Sunday, February 16, 2020

Truth and Charity: Brief Reflections on Calvin’s “Institutes of the Christian Religion”

People who follow my blog’s Facebook page may have seen my occasional sharing of quotes from Calvin’s Institutes of the Catholic Religion# along with my commentary. Having finally finished the thing yesterday, I have been asked to offer my thoughts on it. This will not be an in depth analysis. Rather I intend to comment on something lacking within it that Christians need to have when interacting with each other: Truth and Charity. 

In that respect, I would have to say that I found this work informative—though not in the way that the author might wish—because whatever Calvin’s sincerity might have been, the book lacked both truth and charity.

The book lacks truth to the extent that I would have to use the word calumny to describe it. That is John Calvin constantly presents a caricature of what the Catholic Church actually believes, treating individual corruption as official policy, claiming that we believe things that we explicitly reject, creating straw man arguments, taking Scripture, Patristics, and Church documents out of context*. He contrasts this mess with his own interpretation of Scripture which he declares to be the original intent of the Early Church. Anybody can make their own claims seem true if they do this. But if the accusations are false and the evidence is misrepresented, any guilty verdict that comes from it is an injustice.

I would have to say it lacks charity because Calvin assumes any personal sin on the part of Pope, Cardinal, bishop, or priest must be done maliciously and approved by the Church, while any difference between him and Catholic teaching is a willful perversion of what the Bible teaches.

Obviously, when it comes to truth, if two views are in contradiction, they can’t both be true, and we have to discern which is the truth. Part of that search for truth is removing false understanding of the other side and discovering what they really believe. Without that first step, any attempts at “dialogue” on our part will fail. That is where charity comes in. We don’t assume bad will without evidence. We don’t assume heresy without a thorough investigation.

With this in mind, I think the Catholic reader and the non-Catholic reader should consider some things: 

I should remind the Catholic reader that the Church does not declare any person to be in hell. We simply do not know the levels of culpability in a person’s knowledge, intent or will to say something like “Calvin knowingly and maliciously lied.” After all, he could have been grossly misinformed about what we believe and sincerely thought we held what he accused us of. It’s still false witness of course, but if we assume the worst, we’re doing the same wrong he did.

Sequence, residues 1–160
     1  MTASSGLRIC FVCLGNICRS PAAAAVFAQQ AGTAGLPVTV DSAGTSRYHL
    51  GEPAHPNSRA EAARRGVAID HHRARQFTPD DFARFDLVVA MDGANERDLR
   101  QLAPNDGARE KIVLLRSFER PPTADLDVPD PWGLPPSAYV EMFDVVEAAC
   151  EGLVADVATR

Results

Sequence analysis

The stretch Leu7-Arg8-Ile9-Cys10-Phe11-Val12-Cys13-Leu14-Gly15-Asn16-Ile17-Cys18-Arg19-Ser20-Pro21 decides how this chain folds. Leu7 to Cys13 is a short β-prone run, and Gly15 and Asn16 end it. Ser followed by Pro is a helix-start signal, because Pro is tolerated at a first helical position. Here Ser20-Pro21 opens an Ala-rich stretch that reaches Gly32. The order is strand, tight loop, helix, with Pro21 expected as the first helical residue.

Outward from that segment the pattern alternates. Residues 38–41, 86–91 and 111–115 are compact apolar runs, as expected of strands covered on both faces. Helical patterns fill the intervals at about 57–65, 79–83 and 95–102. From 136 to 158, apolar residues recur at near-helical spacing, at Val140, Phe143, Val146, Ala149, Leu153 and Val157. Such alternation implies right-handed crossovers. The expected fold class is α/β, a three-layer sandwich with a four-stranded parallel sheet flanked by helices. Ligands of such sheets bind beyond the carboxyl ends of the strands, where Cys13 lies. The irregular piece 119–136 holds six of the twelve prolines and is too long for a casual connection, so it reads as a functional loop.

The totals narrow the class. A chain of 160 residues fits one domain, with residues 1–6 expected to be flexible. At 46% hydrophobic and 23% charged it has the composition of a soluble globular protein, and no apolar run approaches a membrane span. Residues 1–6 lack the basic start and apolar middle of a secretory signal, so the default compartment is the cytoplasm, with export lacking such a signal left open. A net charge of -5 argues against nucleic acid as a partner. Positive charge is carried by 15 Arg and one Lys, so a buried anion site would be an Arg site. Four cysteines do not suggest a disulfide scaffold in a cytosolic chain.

I should also remind the Catholic reader that, regardless of the culpability Calvin might have, we are not to assume the same guilt exists in the person who was taught Calvin’s claims from youth and assumes that they have to be true. It is truth taught in Lumen Gentium #14 that “Whosoever, therefore, knowing that the Catholic Church was made necessary by Christ, would refuse to enter or to remain in it, could not be saved.” So, of course we must defend what is true. But Unitatis redintegratio #3 tells us that “The children who are born into these Communities and who grow up believing in Christ cannot be accused of the sin involved in the separation, and the Catholic Church embraces upon them as brothers, with respect and affection.” So, when sharing what we profess, we must not take a “@#$& you, heretic!” approach in doing so. We must interact with love, even when we disagree with others. Hurling polemics will not convince anybody to listen.

As for the non-Catholic Christian reader—especially from Protestant denominations—I would ask you to remember that we do naturally resent falsehoods being spoken against us. Setting aside the issue of who teaches correctly for the moment§, you need to realize that what men like Luther and Calvin accused us of are misrepresentations, no matter how sincere they were when they wrote against us. Since we are all forbidden to bear false witness, you have an obligation to make certain what you say against us is true before repeating it to others.

 Both Catholics and non-Catholics need to remember that—regardless of what polemics were hurled in the past—we need to remember those obligations of truth and charity today.


(#) Catholics should remember the Church warnings about reading material hostile to the Catholic faith without good reason and without proper care to avoid damaging their faith. I have taken those precautions. But, since there is a lot of false witness in this book, I strongly urge the Catholic who thinks that all denominations have a mix of truth and error, do not have a solid grasp of the truth, or might be inclined to take accusations at face value to avoid it. It is not for casual reading.

(†) 1960 Translation, Westminster Press, unabridged, if you’re curious.

(*) The nice thing about Verbum software is that one can easily read the passage cited in context—if you have the linked books. Unfortunately, that can get expensive. If you want to try it, I’d recommend starting with Verbum Basic (which is free) and only getting what you need when you need it. 

(€) When two positions are contradictory, they can’t both be true. One must be true and the other must be false. For example, Either Jesus is God or He is not. When two positions are contrary, they can’t both be true but both might be false. For example, saying the sun is either water or sand.

(§) Of course, I do hold the Catholic position to be true.

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